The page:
The 1967 “Goose” dollar is not an official issue, although it does hold an important part in Australia’s numismatic history. The Swan Pattern dollar has been nicknamed the “Goose dollar” by collectors and has risen in popularity in the past few years.
When decimal currency was to be introduced in 1966, collectors were surprised to learn that a one dollar coin would not be included in the new issues. So, in 1965 the Australian Coin Review magazine ran a competition and the winning entry submitted to the Australian government. When this coin was rejected by the authorities, competition organizers decided to have it minted privately .
In 1967 it was engraved and struck by John Pinches medallists of London. The design, by Andor Meszaros features a swan with Australia 1967 on the obverse and wattle with 100 (cents) printed on the reverse. On the obverse (swan side) at approximately 4 o’clock right next to the rim are the designers initials which may be mistaken as a scuff on the coin surface.
There were 1500 specimen uncirculated silver coins issued that featured a milled edge, 750 proof pieces with a plain edge and 10 gold with the plain edge. The silver proof was originally available at $13.50 while the silver uncirculated examples were $10. It is believed 2 of the gold coins were lost in the Ash Wednesday fires in 1983 (John Gartner collection) so it could be said that there are only 8 in existence. John’s house at Mount Macedon in Victoria was destroyed with the coins along with the actual dies used to strike the coins. All coins were originally issued in a maroon coloured case inscribed with “Australian Pattern Crown” inside the lid and in the case for the proofs, the word “proof” was added.
Specifications differ between the gold and silver issues. All are 38 milimetres in diameter and the silver releases weigh 28.7 grams and the 22ct gold 40.3 grams.
McDonald’s catalogue (2009) value for these coins is currently $925 for the spec.unc (issued at $10), $975 for the silver proof ($13.50 issue price) and $12,000 for the gold proof. Personally I have never seen a gold type up for sale so it’s rarity might see it achieve a much higher figure if there was one offered for sale.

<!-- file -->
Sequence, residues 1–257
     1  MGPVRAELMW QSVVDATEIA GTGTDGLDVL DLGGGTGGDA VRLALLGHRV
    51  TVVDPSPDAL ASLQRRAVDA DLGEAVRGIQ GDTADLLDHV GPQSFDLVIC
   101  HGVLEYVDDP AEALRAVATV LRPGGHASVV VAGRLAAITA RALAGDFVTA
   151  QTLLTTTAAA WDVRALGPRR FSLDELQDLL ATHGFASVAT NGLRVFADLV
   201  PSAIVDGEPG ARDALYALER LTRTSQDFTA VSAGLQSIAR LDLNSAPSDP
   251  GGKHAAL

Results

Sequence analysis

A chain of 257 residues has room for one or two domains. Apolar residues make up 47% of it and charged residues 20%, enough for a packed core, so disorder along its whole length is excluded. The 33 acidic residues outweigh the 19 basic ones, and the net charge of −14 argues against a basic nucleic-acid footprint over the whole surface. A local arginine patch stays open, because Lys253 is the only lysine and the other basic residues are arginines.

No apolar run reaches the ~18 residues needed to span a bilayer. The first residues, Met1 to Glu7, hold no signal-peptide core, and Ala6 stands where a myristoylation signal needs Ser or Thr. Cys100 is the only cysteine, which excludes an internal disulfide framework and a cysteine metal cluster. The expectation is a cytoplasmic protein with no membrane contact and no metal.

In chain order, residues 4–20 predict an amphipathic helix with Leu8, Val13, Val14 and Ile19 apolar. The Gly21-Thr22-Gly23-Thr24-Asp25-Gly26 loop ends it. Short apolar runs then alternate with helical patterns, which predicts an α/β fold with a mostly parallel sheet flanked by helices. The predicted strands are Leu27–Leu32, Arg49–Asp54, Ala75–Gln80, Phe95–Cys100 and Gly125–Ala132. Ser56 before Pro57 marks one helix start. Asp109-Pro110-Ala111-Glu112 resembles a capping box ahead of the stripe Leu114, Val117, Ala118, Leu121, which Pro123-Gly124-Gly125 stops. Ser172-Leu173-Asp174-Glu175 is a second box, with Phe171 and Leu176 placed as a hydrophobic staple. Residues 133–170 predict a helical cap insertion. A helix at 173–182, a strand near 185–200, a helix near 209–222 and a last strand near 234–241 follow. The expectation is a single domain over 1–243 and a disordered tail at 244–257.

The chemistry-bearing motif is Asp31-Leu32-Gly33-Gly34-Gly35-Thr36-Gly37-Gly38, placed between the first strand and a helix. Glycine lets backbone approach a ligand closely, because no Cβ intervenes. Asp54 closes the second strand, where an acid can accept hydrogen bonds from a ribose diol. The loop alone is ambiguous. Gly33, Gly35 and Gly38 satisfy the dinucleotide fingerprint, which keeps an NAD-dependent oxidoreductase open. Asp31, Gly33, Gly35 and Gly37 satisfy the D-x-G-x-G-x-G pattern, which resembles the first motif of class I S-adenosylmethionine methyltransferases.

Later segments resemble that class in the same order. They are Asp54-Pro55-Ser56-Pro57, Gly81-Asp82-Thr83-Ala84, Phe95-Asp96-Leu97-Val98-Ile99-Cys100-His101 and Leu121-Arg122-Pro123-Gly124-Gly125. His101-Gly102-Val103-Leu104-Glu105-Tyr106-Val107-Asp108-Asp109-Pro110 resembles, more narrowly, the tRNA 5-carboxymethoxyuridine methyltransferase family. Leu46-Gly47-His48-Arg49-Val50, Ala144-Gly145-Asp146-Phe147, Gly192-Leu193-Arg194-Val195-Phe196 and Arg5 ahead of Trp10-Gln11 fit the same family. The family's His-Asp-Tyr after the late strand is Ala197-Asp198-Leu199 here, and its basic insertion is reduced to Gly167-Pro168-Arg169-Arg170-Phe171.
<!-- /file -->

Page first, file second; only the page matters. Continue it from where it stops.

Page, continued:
Update July 2009 : A gold goose dollar sold on eBay in July 2009 for $12, 500. Another gold goose sold at the Nobles Sales 103 in 2013 for $18,000 plus commission on an estimate of $8,000, a very strong price.
Update 10 July 2015 : The latest McDonalds catalogue (2014) values the milled edge, circulation issue at $2250 and the proof at $2450. However, the Goose Dollar market is now largely dominated by third party graded coins (PCGS in particular). Ungraded coins (proof or milled edge) have been selling raw for between $1500-$2000. Graded coins in the MS/PR64-MS/PR66 range fetch similar prices while MS/PR67 or better can expect to fetch quite a bit more. A 1967 Goose dollar is likely to be worth a few hundred dollars more if it comes with an original box, regardless of whether the coin is slabbed or not. As of July 2015 there were 3 MS68’s graded by PCGS (8 MS67’s) and 2 PR68’s (no PR67’s).
Update April 2017: A gold swan pattern dollar recently sold at Nobles Sale 114 28-31 March 2017. From the personal collection of E Cummings (Edlins of Canberra) the gold pattern of which there may only be 8 still in existence sold for $24,500 plus 19.25% buyers premium, that’s $29,216.25 wow what a result!